Congress should investigate Pentagon cover up in FOIA cases

By Lloyd Chapman The Hill April 26, 2016

I think Congress should investigate why a federal judge has accused the Pentagon, and some of its largest prime contractors, of trying to cover up and suppress evidence of what appears to be a significant case of corruption and fraud at the Pentagon.

In December of 2014, I won my latest Freedom of Information Act lawsuit against the Pentagon. I had requested small business subcontracting reports submitted by Sikorsky Aircraft to the Pentagon’s 26 year-old Comprehensive Subcontracting Plan Test Program (CSPTP).

I believe the information I requested would prove the Pentagon and its major prime contractors used the CSPTP to circumvent the Small Business Act and cheat American small businesses out of trillions of dollars in subcontracts over the last 26 years. The Pentagon’s violent objection to the release of what should be very benign information seems to confirm my suspicions.

In a November 6, 2014 hearing, Federal District Court Judge William Alsup stated, “The Purpose of the Freedom of Information Act is so the public can see how our government works. Congress passed this law to make the small businesses have access to some of these projects, and here is the United States covering it up.

After I won the case in December, the Pentagon and Sikorsky appealed the case to the 9th Circuit Court of Appeals. This was a surprising move from the Pentagon since the 9th Circuit ruled over 25 years ago the Pentagon could not withhold small business subcontracting data from the Freedom of Information Act.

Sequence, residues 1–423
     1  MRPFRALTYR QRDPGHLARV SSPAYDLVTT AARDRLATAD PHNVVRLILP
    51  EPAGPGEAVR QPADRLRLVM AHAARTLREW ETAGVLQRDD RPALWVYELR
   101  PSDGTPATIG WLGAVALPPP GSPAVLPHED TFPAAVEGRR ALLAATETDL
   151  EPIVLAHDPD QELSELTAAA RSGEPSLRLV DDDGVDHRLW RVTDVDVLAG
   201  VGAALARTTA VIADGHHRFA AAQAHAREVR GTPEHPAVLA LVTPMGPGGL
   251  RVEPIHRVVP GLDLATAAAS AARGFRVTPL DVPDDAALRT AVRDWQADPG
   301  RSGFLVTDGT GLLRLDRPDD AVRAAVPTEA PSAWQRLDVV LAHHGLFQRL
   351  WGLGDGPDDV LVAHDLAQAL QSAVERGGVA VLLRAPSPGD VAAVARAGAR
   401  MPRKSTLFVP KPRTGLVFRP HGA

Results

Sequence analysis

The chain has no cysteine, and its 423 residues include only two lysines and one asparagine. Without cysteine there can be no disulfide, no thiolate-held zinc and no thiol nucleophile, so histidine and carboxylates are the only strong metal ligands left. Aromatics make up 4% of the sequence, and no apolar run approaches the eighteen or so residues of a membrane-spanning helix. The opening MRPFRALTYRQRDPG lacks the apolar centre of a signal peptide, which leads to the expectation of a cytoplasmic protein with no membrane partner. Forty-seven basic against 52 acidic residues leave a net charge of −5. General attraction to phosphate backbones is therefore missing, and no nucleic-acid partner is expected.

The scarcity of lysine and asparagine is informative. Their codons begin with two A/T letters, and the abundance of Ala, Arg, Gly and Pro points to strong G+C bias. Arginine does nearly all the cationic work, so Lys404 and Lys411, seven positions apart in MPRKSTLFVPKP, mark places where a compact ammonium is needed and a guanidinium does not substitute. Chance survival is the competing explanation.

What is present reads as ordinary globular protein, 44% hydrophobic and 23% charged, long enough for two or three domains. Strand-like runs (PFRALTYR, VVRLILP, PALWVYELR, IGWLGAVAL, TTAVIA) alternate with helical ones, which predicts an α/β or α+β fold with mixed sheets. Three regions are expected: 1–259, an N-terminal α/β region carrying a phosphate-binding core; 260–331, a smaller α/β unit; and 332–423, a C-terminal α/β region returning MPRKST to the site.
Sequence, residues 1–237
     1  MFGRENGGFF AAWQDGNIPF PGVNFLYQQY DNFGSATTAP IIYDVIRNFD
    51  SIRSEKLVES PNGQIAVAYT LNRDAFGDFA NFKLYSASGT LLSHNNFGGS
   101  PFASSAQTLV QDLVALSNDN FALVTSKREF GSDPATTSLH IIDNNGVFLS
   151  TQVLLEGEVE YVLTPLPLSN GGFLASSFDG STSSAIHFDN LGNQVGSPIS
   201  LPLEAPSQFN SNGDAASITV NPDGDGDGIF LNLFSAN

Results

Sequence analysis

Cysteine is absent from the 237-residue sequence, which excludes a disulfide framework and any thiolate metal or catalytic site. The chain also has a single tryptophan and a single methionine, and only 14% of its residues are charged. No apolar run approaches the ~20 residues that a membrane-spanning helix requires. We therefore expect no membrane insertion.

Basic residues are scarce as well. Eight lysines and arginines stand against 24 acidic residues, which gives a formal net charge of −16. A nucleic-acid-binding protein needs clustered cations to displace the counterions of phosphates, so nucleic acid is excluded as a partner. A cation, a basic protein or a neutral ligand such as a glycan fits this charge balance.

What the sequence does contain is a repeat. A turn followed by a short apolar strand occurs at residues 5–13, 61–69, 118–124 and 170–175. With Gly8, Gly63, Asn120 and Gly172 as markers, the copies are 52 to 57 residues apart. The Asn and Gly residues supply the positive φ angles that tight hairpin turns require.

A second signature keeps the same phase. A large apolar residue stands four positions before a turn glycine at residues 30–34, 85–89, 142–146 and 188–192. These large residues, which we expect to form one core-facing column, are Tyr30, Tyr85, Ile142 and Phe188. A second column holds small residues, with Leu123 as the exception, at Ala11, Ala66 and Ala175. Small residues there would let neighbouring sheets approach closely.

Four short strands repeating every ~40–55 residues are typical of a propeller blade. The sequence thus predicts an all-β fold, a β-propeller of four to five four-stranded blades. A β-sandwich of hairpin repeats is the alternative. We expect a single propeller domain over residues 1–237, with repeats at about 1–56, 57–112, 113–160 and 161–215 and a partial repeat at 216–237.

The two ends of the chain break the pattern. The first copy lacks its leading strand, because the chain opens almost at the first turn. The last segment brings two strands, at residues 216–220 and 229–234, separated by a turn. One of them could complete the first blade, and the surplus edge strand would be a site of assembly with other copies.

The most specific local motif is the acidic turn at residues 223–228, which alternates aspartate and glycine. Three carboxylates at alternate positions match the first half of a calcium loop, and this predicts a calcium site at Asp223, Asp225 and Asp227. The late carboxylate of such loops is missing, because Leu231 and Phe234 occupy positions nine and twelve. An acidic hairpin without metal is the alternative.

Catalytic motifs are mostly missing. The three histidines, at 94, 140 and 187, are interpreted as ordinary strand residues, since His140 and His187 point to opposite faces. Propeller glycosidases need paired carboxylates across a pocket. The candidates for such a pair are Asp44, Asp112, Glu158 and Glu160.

In a January 20, 2015 hearing, Judge Alsup stated, “So it would be more like a David and Goliath. You get to come in there and be the underdog again against the big company and against the big government.” Judge Alsup went on to say, “They are trying to suppress the evidence.”

Yet, the small business subcontracting reports have yet to be released. So what exactly is the Pentagon trying to cover up? Why are they trying to suppress the evidence?

Not one member of Congress has ever seen any reports or data on the CSPTP since the program began in 1989.

Under the guise of “increasing subcontracting opportunities for small businesses” the CSPTP did just the opposite. The 26-year-old test program eliminated all transparency and removed any penalties for prime contractors which failed to reach their small business subcontracting goals.

I have been fighting the Pentagon to end corruption and fraud against small businesses for over 25 years. I have been compared to a modern day Cesar Chavez for small businesses and recognized as one of the four strongest voices for small businesses in Washington. This summer, I will begin to release a series of documentaries of the history of corruption and fraud in federal small business contracting programs.

Earlier this month, the Pentagon refused to comply with another of my Freedom of Information Act requests for small business subcontracting reports submitted by British Aerospace and Engineering. Clearly the Pentagon and its prime contractors have something to hide.

The Small Business Act, which mandates a minimum of 23% of all federal contracts be awarded to small businesses, is the single largest government economic stimulus program for the middle class. The Pentagon’s campaign to thwart this federal law has caused significant financial harm to the American middle class and the nation’s 28 million small businesses. The Pentagon’s anti-small business agenda needs to end now.

I think it is time for Congress to end the 26-year-old mystery of the Pentagon Comprehensive Subcontracting Plan Test Program. Congress should hold hearings, and the Pentagon should be forced to make all the reports submitted to the CSPTP publicly available.

I am confident Congress will discover the CSPTP is a sham and should be eliminated immediately.

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